Doctor Who News daysofthedr

Published on November 22nd, 2013 | by Andrew Reynolds

The Days Of The Doctor at Cheltenham Christmas Lights Switch-On

Mere hours before The Day of the Doctor airs across the global comes The Days of the Doctor, a 50th Anniversary parody play about a special that’s yet to air (altogether: “Wibbly wobbly, timey wimey”)

The play, taking place at the Cheltenham Christmas Lights Switch-On, The Main Stage, The Brewery Complex, Cheltenham, is written and produced by Barnaby Eaton-Jones (author of Who’s Playing Who and Lemon) and sees The Offstage Theatre Group spin forward in time to watch the special and then spiralling back with enough jokes to make the familiarly strange strangely familiar.

This fast-paced comedy, featuring the mysterious John Hurt Doctor as ‘The Storyteller’, telling a Christmas Carol of a tale featuring a wicked old man and his time-travelling blue box, will entertain and delight children and adults alike – focussing on the new series of ‘Doctor Who’ (featuring the Ninth, Tenth and Eleventh Doctor, with respective companions) with a few ‘classic’ era references; including an appearance by the Doctor’s trusty robot dog, K9, and Captain Jack Harkness.

The play completes a ten-year mission for the travelling theatre troupe which has seen them travel to Los Angeles to perform at  ‘Gallifrey’ – the biggest Doctor Who convention in the world; where over 600 fans saw their final production, which featured Sixth Doctor actor Colin Baker.

This nice ‘coda’ brings it back to how it started out – a small cast, a funny script, and a celebration of the show we all love.

Writer (and occasional Kasterborous reviewer) Barnaby Eaton-Jones said:

Having headlined the Christmas Lights Switch-On with my Blues Brothers Reloaded show a few years ago, we’re delighted to be asked back to perform our tribute to ‘Doctor Who’ just before the BBC’s anniversary show gets simultaneously broadcast around the entire world!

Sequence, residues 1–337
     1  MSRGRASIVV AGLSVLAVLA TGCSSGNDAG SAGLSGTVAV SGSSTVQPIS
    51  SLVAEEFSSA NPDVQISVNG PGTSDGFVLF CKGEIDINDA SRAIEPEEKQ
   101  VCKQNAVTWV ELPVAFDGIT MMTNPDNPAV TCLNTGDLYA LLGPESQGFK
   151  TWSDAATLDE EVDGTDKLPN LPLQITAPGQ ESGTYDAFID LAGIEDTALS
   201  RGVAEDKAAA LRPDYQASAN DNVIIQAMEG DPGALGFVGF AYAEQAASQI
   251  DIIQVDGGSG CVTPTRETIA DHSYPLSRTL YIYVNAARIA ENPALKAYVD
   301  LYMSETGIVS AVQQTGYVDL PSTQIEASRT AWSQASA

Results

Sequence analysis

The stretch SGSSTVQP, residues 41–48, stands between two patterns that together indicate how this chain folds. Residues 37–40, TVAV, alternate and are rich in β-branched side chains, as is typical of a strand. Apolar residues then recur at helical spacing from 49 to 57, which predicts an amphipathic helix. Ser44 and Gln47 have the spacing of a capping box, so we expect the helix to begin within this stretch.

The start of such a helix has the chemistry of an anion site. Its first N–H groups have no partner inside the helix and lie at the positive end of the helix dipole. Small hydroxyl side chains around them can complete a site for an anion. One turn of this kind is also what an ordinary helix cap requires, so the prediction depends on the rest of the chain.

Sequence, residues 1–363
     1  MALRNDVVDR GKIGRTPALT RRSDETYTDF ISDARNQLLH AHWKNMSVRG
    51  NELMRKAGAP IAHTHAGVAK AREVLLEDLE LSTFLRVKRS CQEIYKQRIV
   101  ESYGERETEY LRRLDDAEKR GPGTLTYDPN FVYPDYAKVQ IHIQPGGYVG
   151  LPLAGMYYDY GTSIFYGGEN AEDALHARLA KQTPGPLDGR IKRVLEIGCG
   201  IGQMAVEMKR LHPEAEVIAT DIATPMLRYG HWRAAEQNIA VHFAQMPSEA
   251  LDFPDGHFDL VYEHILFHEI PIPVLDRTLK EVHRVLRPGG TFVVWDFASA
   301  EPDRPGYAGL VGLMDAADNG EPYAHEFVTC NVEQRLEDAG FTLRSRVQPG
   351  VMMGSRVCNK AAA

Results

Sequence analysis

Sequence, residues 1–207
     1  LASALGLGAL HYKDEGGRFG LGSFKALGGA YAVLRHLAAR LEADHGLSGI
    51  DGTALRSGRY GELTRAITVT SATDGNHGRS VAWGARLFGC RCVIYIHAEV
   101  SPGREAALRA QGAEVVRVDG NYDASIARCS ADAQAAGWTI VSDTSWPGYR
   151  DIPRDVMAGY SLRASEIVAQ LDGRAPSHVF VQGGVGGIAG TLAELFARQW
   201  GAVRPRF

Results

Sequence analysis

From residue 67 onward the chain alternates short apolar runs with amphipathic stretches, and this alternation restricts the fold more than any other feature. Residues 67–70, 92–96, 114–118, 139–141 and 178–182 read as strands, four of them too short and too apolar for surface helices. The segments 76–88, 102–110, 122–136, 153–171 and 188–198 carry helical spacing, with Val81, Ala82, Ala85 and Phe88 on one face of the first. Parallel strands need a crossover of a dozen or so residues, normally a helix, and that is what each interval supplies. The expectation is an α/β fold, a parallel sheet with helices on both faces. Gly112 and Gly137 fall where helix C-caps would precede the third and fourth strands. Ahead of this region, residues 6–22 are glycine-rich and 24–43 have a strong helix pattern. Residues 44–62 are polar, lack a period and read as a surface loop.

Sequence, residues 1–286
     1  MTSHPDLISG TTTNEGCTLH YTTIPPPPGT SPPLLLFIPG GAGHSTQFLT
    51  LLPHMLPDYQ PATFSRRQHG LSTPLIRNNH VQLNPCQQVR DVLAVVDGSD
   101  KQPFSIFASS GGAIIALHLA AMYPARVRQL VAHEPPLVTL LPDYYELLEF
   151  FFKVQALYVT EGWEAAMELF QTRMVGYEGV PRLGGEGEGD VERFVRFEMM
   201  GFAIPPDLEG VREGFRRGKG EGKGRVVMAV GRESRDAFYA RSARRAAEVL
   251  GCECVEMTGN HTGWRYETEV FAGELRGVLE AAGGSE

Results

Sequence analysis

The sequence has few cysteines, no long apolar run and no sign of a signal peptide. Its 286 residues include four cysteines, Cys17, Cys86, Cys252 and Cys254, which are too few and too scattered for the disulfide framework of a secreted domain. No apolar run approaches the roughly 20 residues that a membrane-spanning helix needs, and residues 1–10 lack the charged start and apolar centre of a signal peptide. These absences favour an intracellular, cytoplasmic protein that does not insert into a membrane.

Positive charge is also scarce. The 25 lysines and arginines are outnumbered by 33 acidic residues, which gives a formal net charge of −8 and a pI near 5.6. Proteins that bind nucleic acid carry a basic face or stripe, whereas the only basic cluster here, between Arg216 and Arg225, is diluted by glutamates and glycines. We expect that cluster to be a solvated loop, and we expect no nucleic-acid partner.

It’s a Christmas story with a time-travelling twist, that will see the mysterious Doctor (as played by John Hurt) reveal who he is and what he’s planning to do to disrupt Christmas.

The OFFSTAGE Theatre Group have been brought out of our retirement from all things ‘Doctor Who’ to regenerate again and to take hold of the TARDIS controls once more. So, come with us on a silly journey to Gallifrey and beyond. We’re back and it’s about time-wimey.

This production was first commissioned by Fantom Films for the Avoncroft Museum’s ‘Time-Travelling Family Fun Day’ in Worcestershire, earlier in November, but this new version features a Christmas theme, Cheltenham-centric jokes and a comedy song to end proceedings, which the audience can participate in.

Demelsa Coleman, Marketing Manager, The Brewery, commented:

We are delighted to be celebrating the 50 anniversary of ‘Doctor Who’, especially on the actual day of the anniversary itself, with ‘The Days of the Doctor’ spoof from The OFFSTAGE Theatre Group.

It will be part of a spectacular line-up of entertainment, which includes music and dance from a diverse range of performers (before and after the Christmas Lights make their debut across Cheltenham, with Father Christmas arriving to switch on the magical display).

You can arrive in a TARDIS or just on foot but, however you choose to get here, it’s all totally free and will be the perfect way to begin your Christmas festivities.

It will also feature as the end to the ‘Who’s Playing Who?’ book, by Miwk Publishing, that tells the story of the theatre group’s amazing journey through the world of Doctor Who conventions.

The Days of the Doctor, a 50th anniversary parody play, written by Barnaby Eaton-Jones and directed by Kim Jones, takes place at the Main Stage, The Brewery Complex, Cheltenham, UK on Saturday 23rd November at 16:40pm – with free entry.

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About the Author

Everyone has a favourite Doctor and mine - just for his honesty, his fairness and his ability to not notice the Master's awful, awful disguises/anagrams (Sir Gilles Estram!?!) - has to be the Fifth Doctor, Peter Davison. The stories didn’t serve him as well as his acting served those stories.




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